Workers face being “thumped” by plans to allow councils across Scotland to introduce a tax if they park their car at their place of employment, the Tories have claimed.
Scottish Conservative interim leader Jackson Carlaw said an annual charge of £400 a year for this would be the equivalent of hiking the basic rate of income tax from 20p to 30p for those earning the real living wage.
He claimed that “tens of thousands of Scottish workers are to be fleeced for hundreds of pounds a year” if the controversial measure is introduced.
The Scottish Government has already committed in principle to give councils the power to bring in a workplace parking levy as part of a last-minute Budget deal struck with the Greens.
Since then opposition to the propsect of the charge has been mounting, with Mr Carlaw insisting many workers are “deeply alarmed about plans to charge them for taking their own car to work”.
He raised the issue at First Minister’s Questions in the Scottish Parliament, where John Swinney was filling in for Nicola Sturgeon, who is currently in the US.
But the Deputy First Minister insisted the proposed new power for councils was an “example of localism in practice”.
Mr Swinney said: “It is important that Parliament is clear about what is proposed here. This is an agreement to bring forward an amendment to the Transport Bill, that will enable local authorities to exercise a judgement as to whether they wish to apply a workplace parking levy.
“The decision will be up to local authorities to take.”
Vowing his party would oppose any workplace parking charges, Mr Carlaw spoke about the impact it could have on Scots.
Analysis by the Tory party showed a £400 annual charge “would be equivalent to increasing the basic rate of a tax paid by a worker on the real living wage from 20p in the pound to 30p in the pound,” he said.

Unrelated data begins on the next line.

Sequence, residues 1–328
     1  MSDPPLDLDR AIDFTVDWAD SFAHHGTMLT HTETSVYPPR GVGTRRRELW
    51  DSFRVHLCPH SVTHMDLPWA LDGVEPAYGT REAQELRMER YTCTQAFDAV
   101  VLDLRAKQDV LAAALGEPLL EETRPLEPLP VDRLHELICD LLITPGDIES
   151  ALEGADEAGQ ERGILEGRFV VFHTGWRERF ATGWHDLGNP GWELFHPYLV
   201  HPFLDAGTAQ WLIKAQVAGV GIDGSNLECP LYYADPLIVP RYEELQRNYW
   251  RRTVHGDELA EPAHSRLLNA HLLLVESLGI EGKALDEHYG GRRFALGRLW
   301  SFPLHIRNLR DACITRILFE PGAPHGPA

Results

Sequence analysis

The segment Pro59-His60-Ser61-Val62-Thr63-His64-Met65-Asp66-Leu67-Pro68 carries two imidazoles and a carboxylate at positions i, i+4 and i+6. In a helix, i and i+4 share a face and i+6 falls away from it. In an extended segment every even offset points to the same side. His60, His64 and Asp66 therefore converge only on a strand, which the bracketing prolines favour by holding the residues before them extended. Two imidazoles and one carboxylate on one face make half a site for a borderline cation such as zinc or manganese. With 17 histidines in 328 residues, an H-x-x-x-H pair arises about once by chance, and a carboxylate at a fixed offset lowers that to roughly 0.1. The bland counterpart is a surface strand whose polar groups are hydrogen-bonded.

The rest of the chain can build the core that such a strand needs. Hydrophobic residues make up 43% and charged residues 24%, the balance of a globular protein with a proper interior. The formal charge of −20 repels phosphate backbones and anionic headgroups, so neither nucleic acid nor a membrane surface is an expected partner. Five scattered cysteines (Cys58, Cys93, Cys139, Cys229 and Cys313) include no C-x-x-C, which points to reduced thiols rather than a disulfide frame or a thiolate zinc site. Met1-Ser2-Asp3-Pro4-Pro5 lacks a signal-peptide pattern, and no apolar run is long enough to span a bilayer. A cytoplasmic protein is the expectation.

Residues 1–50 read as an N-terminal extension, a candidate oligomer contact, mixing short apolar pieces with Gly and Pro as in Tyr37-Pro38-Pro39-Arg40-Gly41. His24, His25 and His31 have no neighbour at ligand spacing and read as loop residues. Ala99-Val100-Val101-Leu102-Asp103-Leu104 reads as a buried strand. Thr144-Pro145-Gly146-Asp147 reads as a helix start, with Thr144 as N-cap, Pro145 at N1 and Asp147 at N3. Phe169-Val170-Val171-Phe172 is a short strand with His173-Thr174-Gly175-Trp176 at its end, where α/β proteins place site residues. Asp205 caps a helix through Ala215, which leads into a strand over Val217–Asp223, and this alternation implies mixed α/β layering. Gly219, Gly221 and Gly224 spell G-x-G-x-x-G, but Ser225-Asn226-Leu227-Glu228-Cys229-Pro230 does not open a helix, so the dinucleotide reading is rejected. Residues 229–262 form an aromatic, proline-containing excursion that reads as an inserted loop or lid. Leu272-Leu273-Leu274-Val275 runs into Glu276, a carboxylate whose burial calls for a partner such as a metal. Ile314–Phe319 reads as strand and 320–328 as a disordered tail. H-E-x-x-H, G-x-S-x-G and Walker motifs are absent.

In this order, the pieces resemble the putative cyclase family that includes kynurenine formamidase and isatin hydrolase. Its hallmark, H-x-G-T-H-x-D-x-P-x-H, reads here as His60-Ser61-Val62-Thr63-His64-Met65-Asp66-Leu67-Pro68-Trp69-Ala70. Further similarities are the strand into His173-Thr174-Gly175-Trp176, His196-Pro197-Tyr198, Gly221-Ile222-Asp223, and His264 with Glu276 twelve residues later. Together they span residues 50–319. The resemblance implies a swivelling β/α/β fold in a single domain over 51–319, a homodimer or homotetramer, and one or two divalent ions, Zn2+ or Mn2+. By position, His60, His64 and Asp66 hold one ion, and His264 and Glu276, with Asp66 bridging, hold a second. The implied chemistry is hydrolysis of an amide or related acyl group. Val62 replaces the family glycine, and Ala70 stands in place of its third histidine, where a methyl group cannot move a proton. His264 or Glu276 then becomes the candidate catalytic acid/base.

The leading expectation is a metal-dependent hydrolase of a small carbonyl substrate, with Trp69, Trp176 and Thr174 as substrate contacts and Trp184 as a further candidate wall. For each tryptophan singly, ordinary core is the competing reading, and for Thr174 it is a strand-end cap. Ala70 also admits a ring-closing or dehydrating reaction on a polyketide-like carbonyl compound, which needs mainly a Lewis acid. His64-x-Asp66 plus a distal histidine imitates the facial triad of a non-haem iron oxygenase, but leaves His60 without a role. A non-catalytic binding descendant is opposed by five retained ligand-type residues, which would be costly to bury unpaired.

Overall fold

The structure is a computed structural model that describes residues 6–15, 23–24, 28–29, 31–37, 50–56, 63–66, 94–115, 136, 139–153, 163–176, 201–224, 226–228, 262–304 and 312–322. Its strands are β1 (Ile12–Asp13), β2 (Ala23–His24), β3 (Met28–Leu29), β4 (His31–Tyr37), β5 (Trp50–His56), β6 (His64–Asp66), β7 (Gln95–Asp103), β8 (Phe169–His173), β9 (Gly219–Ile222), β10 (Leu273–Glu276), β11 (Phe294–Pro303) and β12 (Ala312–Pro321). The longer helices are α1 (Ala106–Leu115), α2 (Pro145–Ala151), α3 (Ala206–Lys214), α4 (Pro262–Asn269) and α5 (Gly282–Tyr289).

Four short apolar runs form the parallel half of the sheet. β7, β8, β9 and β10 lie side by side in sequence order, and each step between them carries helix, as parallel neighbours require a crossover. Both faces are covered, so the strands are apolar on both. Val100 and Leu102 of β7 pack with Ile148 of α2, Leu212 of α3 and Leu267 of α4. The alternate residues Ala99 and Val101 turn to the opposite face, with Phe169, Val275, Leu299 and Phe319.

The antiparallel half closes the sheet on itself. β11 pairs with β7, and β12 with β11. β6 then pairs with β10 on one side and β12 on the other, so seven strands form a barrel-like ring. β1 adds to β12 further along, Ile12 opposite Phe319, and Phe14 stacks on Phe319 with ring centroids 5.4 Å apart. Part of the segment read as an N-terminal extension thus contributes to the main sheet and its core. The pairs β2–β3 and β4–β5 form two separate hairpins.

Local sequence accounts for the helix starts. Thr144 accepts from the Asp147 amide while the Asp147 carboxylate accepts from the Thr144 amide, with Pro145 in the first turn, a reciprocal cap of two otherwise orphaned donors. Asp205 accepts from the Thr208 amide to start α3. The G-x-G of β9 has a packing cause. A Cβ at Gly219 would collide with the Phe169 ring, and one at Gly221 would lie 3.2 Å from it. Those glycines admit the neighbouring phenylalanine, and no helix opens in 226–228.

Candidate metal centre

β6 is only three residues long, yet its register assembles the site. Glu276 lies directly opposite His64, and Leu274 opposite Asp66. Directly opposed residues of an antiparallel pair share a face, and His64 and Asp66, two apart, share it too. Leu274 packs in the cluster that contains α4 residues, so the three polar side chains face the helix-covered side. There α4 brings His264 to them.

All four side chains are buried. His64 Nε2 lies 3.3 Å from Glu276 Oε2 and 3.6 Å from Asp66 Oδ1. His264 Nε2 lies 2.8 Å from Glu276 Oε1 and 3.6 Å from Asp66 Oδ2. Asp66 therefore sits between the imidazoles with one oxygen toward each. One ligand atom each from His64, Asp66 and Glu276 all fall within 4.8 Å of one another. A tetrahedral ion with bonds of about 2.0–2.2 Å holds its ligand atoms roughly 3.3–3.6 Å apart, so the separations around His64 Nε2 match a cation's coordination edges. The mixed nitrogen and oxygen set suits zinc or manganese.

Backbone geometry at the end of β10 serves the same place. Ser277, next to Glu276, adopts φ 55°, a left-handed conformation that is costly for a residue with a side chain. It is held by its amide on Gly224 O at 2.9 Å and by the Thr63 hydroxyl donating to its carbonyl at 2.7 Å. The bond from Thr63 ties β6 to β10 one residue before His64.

Recalling that the SNP had pledged not to increase the basic rate of income tax before 2021 in the run up to the last Holyrood elections, Mr Carlaw added: “Can the Deputy First Minister tell us when he promised not to increase the basic rate of income tax before the election did he imagine he would be voting to thump those same workers with a new levy equivalent to a tax hike of 10p in the pound.”
The Tory went on to demand the Scottish Government “simply drop this unwanted and unworkable plan”.
Mr Carlaw told the Deputy First Minister: “If you don’t, won’t it be clear to everyone, despite trying to spin it today, that tens of thousands of Scottish workers are to be fleeced for hundreds of pounds a year just because Derek Mackay, John Swinney and Nicola Sturgeon cannae say no to six dismal Green MSPs.”
Mr Swinney stressed: “It is very important we remain focused on what is actually proposed here – the awarding to local authorities of a power to apply a workplace parking levy, if they judge that to be the appropriate thing to do and once they have made the appropriate assessments of such a commitment.”
He noted that senior Scottish Tories, including leader Ruth Davidson and Mr Carlaw, who is filling in for her while she is on maternity leave, have previously called for councils to gain additional powers.
“The Conservatives have fought the 2016 and 2017 elections on a commitment to empower local authorities,” the Deputy First Minister said.
Mr Swinney blasted: “Jackson Carlaw has been found out today, he goes around the country arguing for more powers for local government and when we deliver them, he comes here in an act of rank hypocrisy and criticises them.
“The people of Scotland can see through the hypocrisy of the Tories, they can see what the Tories are about, their spots have never changed, they want to cut public spending and they will take the hypocritical way of doing it.”
Green MSP Andy Wightman said: “The powers to introduce a workplace parking levy exist in England. They were introduced by a Labour government and the Nottingham scheme was implemented by a Labour council. The Liberal Democrats supported such powers in the Scottish Parliament in 2000.
“Both these parties appear to be more interested in partisan political point scoring than in working together to tackle pollution, reduce congestion and empower local government.”